Reduced rates apply in certain situations. You can get a three-year reduction on your permanent home, as long as the value doesn’t exceed €125,000 and your PIT taxable income in the year prior to the acquisition doesn’t exceed €153,300. There may also be a reduction in MPT in relation to the number of dependents you are responsible for and living with you, which can range from between €20 to €70.

An additional tax on top of the MPT will apply in certain circumstances over the sum of the aggregate taxable value of the owned property as follows:

  • Individuals and undivided inheritances will be subject to the rate of 0.7% on the taxable value up to €1m, 1% on the taxable value up to €2m, and 1.5% on the taxable value above €2m; these rates apply after a deduction of €600,000 (or, in case of married couples or non-marital partnerships who opt for joint taxation, €1.2m);
  • Companies will also be subject to a rate of 0.4% of the aggregate value of the property, unless the property is used by shareholders or members of corporate bodies, in which case the rates set out for individuals will apply;
  • Residents in a country, territory or region subject to a more favourable tax regime will pay a rate of 7.5%.

To note, urban buildings related to commerce, industry or services are not covered by this additional tax.

How is personal income taxed?

When it comes to your personal taxes, PIT is applied to employment income, business and professional income and pensions at progressive rates from 14.5% to 48%. PIT depends on the type of income, the regime to which you subscribe, as well as the benefits and exemptions you are entitled to.

Any taxable income you make over €80,000 is also subject to an additional solidarity charge at a rate of 2.5% for income between €80,000 and €250,000 and at 5% for anything over €250.000.

Your employment income is subject to different withholding taxes according to the income itself and your family situation. You may also be entitled to exemptions for certain benefits such as meal allowances and subsidies, up to a predetermined limit.

If you are self-employed, you can choose to apply a simplified accounting regime if your income doesn’t exceed €200,000.

In general, passive income (e.g. capital gains from the sale of shares and other securities, dividends, interest, rental income) are taxed at a 28% flat rate, but you can opt for the inclusion of this type of income in your annual tax returns.

There are some notable exemptions, for example, any gains from the sale of your permanent home won’t be taxed if you reinvest the proceeds into the purchase of a new home either two years before or up to three years after the sale.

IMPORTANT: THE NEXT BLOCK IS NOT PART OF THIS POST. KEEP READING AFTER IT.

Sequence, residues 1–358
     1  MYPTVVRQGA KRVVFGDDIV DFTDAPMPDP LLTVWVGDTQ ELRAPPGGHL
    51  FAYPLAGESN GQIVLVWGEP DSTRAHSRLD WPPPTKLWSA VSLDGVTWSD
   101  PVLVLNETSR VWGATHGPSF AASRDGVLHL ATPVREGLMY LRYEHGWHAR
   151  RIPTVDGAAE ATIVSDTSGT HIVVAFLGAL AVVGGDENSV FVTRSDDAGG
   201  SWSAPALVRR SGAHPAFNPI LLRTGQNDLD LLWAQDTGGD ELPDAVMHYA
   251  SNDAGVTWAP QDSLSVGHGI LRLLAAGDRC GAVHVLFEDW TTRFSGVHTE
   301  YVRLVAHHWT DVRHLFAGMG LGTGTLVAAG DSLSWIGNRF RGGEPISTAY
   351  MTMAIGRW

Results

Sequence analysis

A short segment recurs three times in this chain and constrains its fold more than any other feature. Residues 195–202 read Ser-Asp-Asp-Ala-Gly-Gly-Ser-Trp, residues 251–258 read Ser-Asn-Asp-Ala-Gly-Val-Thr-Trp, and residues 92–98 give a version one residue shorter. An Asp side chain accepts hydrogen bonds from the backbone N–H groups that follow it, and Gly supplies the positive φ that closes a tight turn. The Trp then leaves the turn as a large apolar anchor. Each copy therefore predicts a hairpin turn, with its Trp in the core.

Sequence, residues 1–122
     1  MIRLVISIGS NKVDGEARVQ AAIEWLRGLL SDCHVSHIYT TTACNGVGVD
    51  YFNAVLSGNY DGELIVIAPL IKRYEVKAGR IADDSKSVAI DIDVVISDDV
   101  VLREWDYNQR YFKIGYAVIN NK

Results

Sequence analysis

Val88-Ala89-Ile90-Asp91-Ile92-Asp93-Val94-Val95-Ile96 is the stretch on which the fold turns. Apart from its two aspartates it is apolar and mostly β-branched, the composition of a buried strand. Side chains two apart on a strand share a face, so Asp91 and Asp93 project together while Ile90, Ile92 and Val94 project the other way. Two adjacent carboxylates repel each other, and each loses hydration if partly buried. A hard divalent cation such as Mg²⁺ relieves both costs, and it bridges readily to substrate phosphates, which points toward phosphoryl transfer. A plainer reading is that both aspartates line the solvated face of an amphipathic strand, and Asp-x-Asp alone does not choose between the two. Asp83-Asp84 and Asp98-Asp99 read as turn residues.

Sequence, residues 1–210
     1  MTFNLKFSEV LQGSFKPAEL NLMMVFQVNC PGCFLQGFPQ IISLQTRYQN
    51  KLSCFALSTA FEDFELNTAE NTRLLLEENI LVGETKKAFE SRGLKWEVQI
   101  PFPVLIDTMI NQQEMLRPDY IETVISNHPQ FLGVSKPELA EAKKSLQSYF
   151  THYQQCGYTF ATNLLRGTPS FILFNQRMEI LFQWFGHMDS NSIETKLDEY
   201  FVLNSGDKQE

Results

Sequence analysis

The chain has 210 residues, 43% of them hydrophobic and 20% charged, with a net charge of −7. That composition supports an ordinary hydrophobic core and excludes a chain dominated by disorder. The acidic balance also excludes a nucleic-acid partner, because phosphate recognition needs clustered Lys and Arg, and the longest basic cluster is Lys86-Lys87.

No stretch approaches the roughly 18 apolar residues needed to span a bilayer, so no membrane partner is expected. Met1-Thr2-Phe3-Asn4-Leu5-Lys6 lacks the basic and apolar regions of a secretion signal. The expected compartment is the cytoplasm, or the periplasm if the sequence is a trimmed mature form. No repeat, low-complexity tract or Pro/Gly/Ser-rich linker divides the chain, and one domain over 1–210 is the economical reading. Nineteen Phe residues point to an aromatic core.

To note, unlike residents who are taxed on their overall income obtained in Portugal and abroad, non-residents are only taxed on their income obtained in Portugal and in accordance with any applicable double taxation treaties.

What are the obligations in relation to Social Security?

Social Security also comes into play if you’re working in Portugal, whether as an employee, self-employed or a member of corporate body, although certain exemptions apply. Portugal is also party to several social security conventions that establish exemptions for workers who are temporarily working in Portugal, for example with the US and Canada.

If you’re an employee the rates are 11% payable by you and 23.75% paid by the company. If you’re self-employed you pay 21.4% and the companies you work for pay 10%, if work is performed to such companies exceeds 80%, and 7% in other cases. If you’re a member of a corporate body you pay 11% as a director or manager and 9.3% in all other positions, and then 20.3% or 23.75% respectively is paid by the company.

To note, certain benefits are excluded from contributions: allowances up to the limits established for PIT purposes; compensation for termination of the employment contract in case of collective dismissal; and possible subsidies for medical care and medicine for workers and their families.

Are there any tax benefits for expatriates?

There are considerable benefits for expatriates that become a tax resident under the Non-Habitual Residents Regime (NPR).

The main benefits include a flat rate of 20% on all your employment / self-employment income in Portugal, and pensions from outside Portugal are PIT exempt. Also, any foreign-sourced income you have will be exempt, provided it can be taxed outside of Portugal under applicable tax conventions or the OECD model (if not a tax haven) or, in the case of employment income, it is effectively taxed in the source country.

To qualify you must have been non-tax resident for the previous five years, request the NPR when you do register as tax resident or up to end of March of the following year, and if you have employment income it must come from a ‘high added-value’ activity, which includes architects, engineers, artists, auditors, doctors, dentists and teachers.

Once you have the NPR, the above-mentioned benefits will last for a full 10 years from when you become a tax resident as long as you continue fulfilling the above criteria. If you do not fulfil the criteria in any given year then you will lose your NPR status for that year, but your right can be renewed in any following year (within the 10-year period) if you ensure to fulfil all the criteria again.

This is of course only a snippet of the intricate tax regime in Portugal, so for more in-depth information do read our Guide ‘Why Portugal?’ or get in touch so we can offer you a more personalised approach.